Summary: Find out how to deal with rejection in the age of digital job applications.
Question: What is the expected rate of return on submitting job applications online? I am a discouraged online job seeker who needs information.
Answer: As with a direct-mail campaign, the expected rate of return is generally in the single digits. If you are eventually one of the successes, you can celebrate in spite of the generally low returns. In the meantime, however, expand your search methods to include a variety of approaches that will increase the likelihood of connecting with potential employers.
Start by identifying a list of target companies that you want to approach based on your interests and their promising profiles—for example, employers that ideally are in a growth mode and likely to have a need for your particular skill set. Once your list is ready, create a marketing plan to capture employers’ attention.
Research each company’s products, culture, and direction to help position yourself as a person whose talents would serve it well. Get the names of potential hiring managers, and contact them directly. It helps if you can get a referral from someone who can open a door for you. Even if there are no current openings, attempt to lay the groundwork for future possibilities. Call or e-mail to request a meeting to introduce yourself and to find out more about the organization. If managers won’t agree to meet with you live, try a brief telephone conversation. If that wish isn’t granted, at least send a personalized cover letter and polished resume.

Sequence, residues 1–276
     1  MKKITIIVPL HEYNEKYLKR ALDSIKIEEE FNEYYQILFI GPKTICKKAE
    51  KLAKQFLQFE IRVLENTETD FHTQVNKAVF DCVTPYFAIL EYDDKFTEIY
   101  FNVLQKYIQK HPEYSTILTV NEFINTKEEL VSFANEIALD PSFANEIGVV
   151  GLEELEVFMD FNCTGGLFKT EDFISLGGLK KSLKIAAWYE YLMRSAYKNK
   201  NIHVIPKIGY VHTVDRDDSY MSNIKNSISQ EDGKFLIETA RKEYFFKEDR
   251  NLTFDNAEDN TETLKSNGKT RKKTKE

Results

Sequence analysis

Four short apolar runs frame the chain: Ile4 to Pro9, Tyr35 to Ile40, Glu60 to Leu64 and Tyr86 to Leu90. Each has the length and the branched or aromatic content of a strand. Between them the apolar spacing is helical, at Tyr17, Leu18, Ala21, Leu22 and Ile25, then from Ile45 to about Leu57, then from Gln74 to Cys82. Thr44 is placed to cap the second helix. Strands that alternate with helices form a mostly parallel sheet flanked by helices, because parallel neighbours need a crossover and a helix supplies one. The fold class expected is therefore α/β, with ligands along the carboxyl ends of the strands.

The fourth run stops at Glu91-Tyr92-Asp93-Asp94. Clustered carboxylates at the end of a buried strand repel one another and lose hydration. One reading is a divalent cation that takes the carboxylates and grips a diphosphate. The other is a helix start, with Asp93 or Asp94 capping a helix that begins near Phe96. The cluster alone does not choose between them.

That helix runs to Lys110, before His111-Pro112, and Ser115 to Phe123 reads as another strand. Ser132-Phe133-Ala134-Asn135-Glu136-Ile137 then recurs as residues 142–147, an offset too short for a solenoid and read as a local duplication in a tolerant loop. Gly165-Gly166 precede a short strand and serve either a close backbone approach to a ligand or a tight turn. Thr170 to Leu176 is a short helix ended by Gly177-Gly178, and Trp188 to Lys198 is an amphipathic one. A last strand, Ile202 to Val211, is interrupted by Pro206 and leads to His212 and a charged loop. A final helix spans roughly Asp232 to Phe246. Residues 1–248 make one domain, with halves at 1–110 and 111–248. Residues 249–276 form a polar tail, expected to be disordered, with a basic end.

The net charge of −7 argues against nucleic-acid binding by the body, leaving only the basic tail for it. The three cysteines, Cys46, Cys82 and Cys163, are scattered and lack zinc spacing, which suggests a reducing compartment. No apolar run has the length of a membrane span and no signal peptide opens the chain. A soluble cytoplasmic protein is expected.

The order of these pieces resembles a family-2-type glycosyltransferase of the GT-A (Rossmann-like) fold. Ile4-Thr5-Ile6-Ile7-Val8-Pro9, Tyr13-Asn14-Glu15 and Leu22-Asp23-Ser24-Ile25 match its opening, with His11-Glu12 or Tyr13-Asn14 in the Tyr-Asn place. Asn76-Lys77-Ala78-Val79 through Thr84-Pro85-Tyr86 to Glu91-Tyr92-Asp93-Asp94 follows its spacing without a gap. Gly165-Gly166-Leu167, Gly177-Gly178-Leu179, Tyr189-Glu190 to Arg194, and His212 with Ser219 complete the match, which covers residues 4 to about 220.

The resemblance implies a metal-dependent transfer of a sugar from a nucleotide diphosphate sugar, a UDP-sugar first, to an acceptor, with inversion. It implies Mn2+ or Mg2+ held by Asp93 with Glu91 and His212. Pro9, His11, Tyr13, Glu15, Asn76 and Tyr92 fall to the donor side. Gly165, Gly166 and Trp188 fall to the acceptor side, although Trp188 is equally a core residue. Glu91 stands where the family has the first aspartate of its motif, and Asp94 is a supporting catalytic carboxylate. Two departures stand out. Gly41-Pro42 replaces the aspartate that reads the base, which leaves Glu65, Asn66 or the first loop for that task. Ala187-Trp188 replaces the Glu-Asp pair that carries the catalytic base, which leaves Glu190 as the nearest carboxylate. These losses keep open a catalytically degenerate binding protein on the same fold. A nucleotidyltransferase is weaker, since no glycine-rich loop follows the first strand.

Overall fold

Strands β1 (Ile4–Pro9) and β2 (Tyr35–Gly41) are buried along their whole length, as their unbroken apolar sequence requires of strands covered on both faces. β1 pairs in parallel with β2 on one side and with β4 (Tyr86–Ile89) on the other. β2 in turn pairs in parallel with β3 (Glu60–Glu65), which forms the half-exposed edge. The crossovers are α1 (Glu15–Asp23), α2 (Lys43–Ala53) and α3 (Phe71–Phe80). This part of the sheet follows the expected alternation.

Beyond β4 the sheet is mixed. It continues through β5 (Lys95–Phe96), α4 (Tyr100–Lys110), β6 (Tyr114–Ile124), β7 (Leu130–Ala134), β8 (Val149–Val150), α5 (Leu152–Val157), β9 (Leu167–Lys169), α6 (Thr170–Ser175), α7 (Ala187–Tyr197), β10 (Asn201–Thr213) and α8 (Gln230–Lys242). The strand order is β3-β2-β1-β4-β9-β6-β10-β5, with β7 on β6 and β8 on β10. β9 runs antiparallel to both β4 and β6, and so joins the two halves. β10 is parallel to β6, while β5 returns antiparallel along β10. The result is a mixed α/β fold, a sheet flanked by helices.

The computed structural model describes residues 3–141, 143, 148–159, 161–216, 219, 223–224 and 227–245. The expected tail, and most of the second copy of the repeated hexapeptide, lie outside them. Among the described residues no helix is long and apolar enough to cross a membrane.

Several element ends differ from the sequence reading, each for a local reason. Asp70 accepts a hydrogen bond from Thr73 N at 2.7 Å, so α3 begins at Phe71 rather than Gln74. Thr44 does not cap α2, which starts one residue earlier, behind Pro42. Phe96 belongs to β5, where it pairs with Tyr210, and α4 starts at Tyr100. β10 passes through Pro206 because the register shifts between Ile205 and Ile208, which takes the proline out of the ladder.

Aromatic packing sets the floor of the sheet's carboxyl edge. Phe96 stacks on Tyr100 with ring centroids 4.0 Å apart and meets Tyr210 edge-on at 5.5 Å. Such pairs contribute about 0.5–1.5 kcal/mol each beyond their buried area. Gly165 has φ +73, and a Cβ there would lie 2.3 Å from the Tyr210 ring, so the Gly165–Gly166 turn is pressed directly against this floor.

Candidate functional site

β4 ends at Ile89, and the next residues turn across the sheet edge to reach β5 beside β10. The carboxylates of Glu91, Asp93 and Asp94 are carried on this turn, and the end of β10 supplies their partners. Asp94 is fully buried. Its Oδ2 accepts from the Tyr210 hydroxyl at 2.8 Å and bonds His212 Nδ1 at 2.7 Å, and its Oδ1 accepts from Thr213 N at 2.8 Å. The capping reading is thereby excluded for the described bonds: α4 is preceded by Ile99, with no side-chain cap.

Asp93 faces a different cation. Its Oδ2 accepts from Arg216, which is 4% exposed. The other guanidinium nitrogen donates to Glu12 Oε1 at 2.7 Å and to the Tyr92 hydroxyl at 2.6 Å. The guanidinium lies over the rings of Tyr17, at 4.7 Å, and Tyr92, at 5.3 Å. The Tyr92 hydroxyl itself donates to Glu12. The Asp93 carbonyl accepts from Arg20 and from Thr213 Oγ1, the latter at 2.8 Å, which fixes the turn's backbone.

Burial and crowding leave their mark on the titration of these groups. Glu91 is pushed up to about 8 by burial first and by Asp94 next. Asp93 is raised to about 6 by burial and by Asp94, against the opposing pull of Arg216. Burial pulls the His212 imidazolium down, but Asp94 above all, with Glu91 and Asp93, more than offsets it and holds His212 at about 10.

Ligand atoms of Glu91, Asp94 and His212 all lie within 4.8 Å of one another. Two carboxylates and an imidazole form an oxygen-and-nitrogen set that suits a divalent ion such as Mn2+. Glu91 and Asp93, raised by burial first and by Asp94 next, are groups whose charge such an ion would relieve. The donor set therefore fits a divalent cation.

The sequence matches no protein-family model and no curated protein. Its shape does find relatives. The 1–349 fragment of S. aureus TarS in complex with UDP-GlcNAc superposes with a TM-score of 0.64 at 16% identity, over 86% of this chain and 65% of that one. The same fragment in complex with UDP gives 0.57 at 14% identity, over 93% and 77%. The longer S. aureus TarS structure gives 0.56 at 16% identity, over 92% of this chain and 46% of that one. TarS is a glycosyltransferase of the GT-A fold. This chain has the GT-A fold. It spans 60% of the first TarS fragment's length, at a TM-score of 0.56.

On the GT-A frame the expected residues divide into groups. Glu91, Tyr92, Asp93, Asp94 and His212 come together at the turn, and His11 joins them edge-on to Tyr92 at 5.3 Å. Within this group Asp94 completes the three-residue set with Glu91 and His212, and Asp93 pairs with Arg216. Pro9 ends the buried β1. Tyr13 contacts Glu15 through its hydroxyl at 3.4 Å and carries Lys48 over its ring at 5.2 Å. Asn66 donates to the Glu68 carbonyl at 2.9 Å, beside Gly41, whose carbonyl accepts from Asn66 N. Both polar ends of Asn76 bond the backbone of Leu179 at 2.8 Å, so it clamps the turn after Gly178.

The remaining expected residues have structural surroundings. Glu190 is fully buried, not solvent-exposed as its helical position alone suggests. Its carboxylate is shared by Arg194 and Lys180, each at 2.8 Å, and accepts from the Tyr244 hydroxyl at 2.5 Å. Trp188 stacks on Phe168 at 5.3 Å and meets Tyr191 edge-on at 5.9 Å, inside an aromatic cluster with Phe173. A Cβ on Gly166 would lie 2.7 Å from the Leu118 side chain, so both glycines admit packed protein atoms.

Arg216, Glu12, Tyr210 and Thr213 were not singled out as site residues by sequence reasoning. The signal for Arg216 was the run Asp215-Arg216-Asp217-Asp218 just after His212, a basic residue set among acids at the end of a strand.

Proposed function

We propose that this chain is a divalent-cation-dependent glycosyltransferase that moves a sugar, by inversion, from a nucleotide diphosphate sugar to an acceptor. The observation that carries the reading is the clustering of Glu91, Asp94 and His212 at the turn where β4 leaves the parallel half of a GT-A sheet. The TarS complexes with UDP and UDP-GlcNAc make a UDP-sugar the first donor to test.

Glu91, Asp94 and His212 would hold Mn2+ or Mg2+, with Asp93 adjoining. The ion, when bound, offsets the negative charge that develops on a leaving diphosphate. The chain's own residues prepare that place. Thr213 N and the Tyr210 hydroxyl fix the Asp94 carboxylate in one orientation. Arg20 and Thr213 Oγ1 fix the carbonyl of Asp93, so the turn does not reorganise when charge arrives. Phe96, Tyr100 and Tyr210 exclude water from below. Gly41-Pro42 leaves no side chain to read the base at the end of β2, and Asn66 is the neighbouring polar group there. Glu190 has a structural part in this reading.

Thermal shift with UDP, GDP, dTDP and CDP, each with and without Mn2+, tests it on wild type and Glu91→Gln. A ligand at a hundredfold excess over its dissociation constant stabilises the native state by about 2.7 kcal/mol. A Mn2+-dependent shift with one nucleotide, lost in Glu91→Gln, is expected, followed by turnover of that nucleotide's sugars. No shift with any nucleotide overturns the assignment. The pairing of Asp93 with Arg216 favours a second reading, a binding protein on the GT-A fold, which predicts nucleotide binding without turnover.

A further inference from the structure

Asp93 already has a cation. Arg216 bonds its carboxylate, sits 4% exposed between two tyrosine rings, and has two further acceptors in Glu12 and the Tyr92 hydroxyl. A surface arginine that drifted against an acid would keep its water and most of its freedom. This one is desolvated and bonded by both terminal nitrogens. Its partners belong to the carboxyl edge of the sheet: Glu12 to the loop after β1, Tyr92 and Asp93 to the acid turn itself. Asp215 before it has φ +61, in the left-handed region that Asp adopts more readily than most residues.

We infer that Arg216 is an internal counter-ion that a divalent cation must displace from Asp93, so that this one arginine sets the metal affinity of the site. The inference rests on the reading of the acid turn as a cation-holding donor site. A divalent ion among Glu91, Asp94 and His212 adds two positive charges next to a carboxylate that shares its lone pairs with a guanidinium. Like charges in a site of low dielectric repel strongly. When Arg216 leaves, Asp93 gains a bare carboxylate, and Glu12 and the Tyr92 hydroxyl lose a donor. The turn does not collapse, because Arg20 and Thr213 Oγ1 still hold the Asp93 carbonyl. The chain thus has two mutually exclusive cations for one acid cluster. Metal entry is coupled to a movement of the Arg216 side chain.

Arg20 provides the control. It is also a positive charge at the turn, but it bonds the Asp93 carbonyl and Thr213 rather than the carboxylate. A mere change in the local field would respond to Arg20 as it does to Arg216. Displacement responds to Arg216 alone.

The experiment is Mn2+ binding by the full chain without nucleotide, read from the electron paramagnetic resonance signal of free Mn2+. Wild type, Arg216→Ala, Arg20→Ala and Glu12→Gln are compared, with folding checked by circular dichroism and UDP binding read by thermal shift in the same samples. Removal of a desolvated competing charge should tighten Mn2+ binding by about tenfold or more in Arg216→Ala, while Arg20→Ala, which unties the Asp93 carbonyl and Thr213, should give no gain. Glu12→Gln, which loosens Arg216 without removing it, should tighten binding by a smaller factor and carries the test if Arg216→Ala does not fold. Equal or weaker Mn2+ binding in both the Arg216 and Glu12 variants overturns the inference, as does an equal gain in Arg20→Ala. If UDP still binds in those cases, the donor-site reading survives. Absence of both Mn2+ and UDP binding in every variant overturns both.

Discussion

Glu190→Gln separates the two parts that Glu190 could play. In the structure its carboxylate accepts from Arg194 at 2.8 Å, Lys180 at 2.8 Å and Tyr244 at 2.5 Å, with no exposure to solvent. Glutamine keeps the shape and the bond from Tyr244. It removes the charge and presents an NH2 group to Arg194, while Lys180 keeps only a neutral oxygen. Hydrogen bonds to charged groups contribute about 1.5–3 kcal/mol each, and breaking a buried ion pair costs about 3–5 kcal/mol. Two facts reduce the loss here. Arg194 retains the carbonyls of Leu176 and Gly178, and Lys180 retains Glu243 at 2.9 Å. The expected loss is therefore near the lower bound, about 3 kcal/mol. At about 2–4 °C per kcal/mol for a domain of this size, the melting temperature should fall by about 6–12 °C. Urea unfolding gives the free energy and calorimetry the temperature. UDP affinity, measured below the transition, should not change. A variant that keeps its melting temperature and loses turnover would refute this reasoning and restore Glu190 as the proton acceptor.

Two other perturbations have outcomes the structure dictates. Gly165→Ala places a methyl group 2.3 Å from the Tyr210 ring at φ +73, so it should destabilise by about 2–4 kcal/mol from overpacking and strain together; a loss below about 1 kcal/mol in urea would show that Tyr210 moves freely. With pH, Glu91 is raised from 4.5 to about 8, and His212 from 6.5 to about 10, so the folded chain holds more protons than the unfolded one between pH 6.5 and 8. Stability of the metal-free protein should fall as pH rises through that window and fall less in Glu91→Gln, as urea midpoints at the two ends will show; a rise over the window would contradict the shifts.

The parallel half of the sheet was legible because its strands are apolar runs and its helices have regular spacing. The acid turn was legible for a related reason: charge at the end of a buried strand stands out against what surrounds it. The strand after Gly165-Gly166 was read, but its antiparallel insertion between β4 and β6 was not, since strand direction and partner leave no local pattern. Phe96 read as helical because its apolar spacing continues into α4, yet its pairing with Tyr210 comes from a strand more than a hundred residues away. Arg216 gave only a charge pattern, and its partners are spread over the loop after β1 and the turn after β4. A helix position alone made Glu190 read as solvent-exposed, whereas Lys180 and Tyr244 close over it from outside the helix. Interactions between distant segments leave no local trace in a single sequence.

Most important, get off the computer and get out into the world. The more people you can connect with about prospects, through professional associations and social events, the greater the likelihood of securing interviews for desirable positions.
See the following articles for more information:Tip for Online Applicants: Explore All Your Options by Granted Contributor